When asked their highest priorities for addressing today's high energy prices and our reliance on imported oil--a situation that Chevron's Vice Chairman, Peter Robertson, characterized as "unsustainable"--all of the execs cited the urgent need for gaining access to oil and gas resources that the Congress and various states have placed off limits. (Disclosure: I own Chevron stock.) The execs stopped just short of saying that, if the Congress is serious about bringing down energy prices, it could have the largest impact by opening up the 85% of the outer continental shelf waters that are presently off-limits for drilling, rather than hammering on oil companies to invest in renewables. That is certainly born out by the size of the potential offshore opportunity, which could easily add another 1-2 million barrels per day to slipping US oil production, and by the enormous differences in physical and financial scale between conventional and renewable energy projects. ExxonMobil isn't wrong to suggest it can make more impact by sticking to its knitting in this regard, though I continue to believe they will eventually regret not taking a position in renewables now--a defensible strategic choice that has been a PR disaster for them.
The financial realities of this were explained in greater detail by Mr. Robertson in a blogger teleconference (podcast and transcript available shortly) following the hearing, arranged by API, in which he cited 40 global oil and gas projects in which Chevron is engaged globally, each greater than a billion dollars, Chevron's share, and each expected to provide substantial, profitable production. At the current scale of renewables, there are still relatively few billion-dollar projects of the kind that companies of this size must pursue, in order to have a measurable impact on their results and on shareholder value. It is still uncertain whether the billions that companies such as Shell, Chevron, ConocoPhillips and BP are investing in renewables will yield results on that scale.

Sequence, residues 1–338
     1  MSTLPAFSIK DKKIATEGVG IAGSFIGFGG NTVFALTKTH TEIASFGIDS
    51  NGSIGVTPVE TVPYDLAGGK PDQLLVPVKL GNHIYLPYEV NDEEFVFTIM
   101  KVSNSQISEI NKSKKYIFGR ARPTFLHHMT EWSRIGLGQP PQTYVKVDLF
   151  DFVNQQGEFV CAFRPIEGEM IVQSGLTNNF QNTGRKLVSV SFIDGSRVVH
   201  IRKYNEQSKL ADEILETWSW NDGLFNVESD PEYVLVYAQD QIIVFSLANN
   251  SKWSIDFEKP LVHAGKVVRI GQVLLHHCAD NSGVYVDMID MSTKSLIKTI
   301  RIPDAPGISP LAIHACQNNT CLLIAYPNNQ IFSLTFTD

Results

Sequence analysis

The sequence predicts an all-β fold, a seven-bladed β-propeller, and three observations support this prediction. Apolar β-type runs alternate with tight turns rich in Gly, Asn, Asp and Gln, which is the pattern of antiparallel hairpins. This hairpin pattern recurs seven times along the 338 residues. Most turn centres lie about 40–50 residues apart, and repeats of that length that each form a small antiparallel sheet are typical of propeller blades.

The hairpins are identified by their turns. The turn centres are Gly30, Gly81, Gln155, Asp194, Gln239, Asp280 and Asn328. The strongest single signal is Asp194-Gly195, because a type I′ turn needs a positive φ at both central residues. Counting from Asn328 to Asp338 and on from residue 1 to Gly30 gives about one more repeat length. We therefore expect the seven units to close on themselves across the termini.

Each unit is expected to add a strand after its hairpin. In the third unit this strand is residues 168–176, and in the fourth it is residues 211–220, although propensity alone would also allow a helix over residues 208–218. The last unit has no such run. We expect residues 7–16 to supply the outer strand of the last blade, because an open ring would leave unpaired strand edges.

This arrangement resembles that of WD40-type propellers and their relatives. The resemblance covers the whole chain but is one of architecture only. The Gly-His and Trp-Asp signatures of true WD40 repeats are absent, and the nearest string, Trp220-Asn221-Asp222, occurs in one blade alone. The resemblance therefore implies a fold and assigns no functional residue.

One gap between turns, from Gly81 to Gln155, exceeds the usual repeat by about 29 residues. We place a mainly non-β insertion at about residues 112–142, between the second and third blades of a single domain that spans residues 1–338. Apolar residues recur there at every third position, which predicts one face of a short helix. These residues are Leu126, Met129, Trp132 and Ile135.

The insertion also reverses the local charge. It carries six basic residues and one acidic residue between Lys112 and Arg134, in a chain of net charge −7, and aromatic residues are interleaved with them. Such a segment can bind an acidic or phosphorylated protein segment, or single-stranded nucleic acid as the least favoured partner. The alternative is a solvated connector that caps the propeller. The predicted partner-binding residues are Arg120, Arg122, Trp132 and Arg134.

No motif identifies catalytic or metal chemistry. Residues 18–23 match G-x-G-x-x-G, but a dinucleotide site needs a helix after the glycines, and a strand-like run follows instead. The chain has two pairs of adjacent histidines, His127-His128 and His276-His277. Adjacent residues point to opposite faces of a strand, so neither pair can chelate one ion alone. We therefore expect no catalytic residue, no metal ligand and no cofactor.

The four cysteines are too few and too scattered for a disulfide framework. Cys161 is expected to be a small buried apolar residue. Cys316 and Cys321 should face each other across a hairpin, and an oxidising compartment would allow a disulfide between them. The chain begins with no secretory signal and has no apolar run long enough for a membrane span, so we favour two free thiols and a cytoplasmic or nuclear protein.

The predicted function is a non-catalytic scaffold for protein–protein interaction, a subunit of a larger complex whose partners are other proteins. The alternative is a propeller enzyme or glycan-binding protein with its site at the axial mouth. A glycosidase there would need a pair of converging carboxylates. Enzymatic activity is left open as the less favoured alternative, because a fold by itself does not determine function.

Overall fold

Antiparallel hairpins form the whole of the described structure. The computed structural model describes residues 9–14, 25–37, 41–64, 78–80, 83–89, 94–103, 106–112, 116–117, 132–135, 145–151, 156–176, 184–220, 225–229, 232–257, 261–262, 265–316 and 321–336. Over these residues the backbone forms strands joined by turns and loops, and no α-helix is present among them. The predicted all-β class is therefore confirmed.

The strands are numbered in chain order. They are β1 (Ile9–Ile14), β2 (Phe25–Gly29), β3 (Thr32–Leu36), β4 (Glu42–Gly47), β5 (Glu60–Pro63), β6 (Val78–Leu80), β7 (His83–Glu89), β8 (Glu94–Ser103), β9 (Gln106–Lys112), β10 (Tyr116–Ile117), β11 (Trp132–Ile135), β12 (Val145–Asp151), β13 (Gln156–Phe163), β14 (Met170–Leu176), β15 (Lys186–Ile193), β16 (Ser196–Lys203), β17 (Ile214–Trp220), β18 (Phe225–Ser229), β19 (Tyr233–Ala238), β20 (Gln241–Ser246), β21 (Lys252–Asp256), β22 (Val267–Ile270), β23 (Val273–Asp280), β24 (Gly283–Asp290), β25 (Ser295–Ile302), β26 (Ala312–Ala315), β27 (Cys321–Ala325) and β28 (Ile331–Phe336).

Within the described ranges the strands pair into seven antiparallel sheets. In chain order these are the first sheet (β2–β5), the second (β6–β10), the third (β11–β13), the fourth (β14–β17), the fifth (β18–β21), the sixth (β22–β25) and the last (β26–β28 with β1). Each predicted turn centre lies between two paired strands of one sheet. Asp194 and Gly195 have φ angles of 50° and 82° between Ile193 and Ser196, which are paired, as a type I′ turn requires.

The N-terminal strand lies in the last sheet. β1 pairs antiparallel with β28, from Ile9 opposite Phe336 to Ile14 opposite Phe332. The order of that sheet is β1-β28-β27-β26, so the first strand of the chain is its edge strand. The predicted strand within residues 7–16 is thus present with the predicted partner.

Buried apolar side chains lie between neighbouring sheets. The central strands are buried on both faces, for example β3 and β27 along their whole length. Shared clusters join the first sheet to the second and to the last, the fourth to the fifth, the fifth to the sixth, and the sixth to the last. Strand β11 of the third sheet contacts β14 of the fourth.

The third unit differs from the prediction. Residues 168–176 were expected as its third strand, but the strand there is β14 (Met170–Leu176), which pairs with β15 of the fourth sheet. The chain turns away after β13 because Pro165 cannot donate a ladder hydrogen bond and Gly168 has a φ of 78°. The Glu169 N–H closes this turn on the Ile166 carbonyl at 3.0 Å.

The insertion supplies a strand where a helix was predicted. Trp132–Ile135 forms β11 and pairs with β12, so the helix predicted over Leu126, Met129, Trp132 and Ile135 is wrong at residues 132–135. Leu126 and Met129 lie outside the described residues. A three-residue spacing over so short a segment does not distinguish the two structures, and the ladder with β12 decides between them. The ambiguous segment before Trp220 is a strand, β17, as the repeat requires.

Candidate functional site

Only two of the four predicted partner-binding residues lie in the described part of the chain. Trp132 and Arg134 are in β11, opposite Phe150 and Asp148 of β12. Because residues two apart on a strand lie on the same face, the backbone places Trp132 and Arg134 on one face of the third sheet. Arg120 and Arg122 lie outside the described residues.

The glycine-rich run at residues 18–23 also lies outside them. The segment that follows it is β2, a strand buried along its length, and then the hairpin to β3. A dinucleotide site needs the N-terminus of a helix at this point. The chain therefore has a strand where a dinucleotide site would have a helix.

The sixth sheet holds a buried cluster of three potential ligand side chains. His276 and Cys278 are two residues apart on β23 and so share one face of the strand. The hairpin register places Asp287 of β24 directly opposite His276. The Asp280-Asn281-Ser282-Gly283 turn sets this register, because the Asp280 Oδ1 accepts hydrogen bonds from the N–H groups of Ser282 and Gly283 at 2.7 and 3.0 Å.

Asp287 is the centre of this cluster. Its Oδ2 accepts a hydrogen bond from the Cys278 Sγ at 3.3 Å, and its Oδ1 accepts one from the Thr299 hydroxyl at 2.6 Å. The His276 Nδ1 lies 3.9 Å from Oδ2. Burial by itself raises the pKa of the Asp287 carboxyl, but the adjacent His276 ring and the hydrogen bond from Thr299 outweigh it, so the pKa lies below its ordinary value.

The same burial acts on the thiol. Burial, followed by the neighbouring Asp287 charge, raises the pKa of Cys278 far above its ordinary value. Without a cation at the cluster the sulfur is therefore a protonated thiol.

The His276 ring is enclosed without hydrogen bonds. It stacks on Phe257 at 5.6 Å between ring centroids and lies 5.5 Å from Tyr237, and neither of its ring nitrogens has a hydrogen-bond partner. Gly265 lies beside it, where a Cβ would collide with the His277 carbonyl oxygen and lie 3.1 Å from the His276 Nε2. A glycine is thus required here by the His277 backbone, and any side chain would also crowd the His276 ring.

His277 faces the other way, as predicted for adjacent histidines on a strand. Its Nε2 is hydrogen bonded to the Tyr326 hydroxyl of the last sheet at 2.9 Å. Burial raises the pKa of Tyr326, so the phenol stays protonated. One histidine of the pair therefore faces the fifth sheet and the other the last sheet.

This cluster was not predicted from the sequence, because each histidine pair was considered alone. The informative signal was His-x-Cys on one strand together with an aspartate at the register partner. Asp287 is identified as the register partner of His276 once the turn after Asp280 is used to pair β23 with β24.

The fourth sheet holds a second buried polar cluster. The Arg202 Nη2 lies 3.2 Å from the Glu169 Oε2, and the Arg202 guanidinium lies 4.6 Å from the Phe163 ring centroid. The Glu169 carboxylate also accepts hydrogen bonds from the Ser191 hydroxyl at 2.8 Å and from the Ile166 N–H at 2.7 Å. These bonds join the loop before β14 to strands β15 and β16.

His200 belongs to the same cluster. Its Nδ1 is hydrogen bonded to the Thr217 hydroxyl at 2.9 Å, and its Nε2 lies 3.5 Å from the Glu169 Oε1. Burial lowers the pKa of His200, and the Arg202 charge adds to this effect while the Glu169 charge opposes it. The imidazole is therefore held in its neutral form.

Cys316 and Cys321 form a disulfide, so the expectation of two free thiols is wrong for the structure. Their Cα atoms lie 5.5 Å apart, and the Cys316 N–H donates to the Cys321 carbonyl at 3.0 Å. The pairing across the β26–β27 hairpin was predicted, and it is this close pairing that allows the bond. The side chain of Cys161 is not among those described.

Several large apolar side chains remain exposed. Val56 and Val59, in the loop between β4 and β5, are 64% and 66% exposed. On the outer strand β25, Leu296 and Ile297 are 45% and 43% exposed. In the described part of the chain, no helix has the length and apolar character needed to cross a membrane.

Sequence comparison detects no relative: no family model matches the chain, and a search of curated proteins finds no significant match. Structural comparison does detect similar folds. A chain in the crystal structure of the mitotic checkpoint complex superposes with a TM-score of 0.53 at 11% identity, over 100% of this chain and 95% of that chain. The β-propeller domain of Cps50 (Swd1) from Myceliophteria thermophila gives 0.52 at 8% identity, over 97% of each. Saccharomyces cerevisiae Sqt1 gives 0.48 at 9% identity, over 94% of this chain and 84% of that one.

I also noticed a surprising omission in yesterday's proceedings. While both the committee and the witnesses mentioned the enormous potential of Canada's oil sands for reducing US dependence on unstable overseas suppliers, the prospect that imports of oil sands syncrude might be blocked by US environmental regulations was only referenced obliquely by Mr. Simon of ExxonMobil. As I noted recently, this issue could have severe supply repercussions in the Midwest, where much of the Canadian oil we import is consumed, as well as for the overall US oil import mix. I'd call that a key missed opportunity on the part of the companies.
So with the committee telling the oil companies to help consumers by investing in renewables, and the oil execs asking Congress to help consumers by lifting restrictions on off-limits oil and gas resources, what was constructive? Well, there was a very encouraging discussion about energy efficiency and its vital contribution to reducing emissions and saving money. This is surely common ground on which the industry and government could cooperate more. The companies also heard some sage advice from Rep. Candice Miller (R-MI) that, regardless of the economic justification of their profits and prices, they face significant consumer and regulatory backlash if they aren't seen to "do the right thing with these profits." I think they ignore that at their peril and ours, because the likely regulatory response would harm the industry and be counterproductive for the entire country. Perhaps most revealingly, though, and in sharp contrast to a similar hearing involving the CEOs of these companies several years ago--and to an entirely out-of-context clip from yesterday's event that aired on last night's NBC Evening News--there was little disagreement about the fundamental drivers of high oil prices, and the degree to which the US is integrated into global energy markets. In that respect, at least, our national conversation about energy has progressed in useful ways since 2005.